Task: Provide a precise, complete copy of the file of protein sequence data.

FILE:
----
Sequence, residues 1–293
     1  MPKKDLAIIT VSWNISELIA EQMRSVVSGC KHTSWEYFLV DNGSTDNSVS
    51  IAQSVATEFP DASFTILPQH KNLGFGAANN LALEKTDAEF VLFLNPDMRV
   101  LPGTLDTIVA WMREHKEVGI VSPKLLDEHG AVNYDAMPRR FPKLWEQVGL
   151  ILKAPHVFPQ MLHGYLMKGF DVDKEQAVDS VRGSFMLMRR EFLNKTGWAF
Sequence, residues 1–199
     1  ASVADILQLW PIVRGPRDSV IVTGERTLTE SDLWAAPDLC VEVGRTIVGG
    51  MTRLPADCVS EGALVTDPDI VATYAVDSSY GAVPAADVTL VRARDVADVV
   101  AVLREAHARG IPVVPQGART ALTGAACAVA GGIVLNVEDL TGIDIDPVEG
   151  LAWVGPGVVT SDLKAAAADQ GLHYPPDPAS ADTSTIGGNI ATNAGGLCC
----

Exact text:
Sequence, residues 1–293
     1  MPKKDLAIIT VSWNISELIA EQMRSVVSGC KHTSWEYFLV DNGSTDNSVS
    51  IAQSVATEFP DASFTILPQH KNLGFGAANN LALEKTDAEF VLFLNPDMRV
   101  LPGTLDTIVA WMREHKEVGI VSPKLLDEHG AVNYDAMPRR FPKLWEQVGL
   151  ILKAPHVFPQ MLHGYLMKGF DVDKEQAVDS VRGSFMLMRR EFLNKTGWAF
Sequence, residues 1–199
     1  ASVADILQLW PIVRGPRDSV IVTGERTLTE SDLWAAPDLC VEVGRTIVGG
    51  MTRLPADCVS EGALVTDPDI VATYAVDSSY GAVPAADVTL VRARDVADVV
   101  AVLREAHARG IPVVPQGART ALTGAACAVA GGIVLNVEDL TGIDIDPVEG
   151  LAWVGPGVVT SDLKAAAADQ GLHYPPDPAS ADTSTIGGNI ATNAGGLCC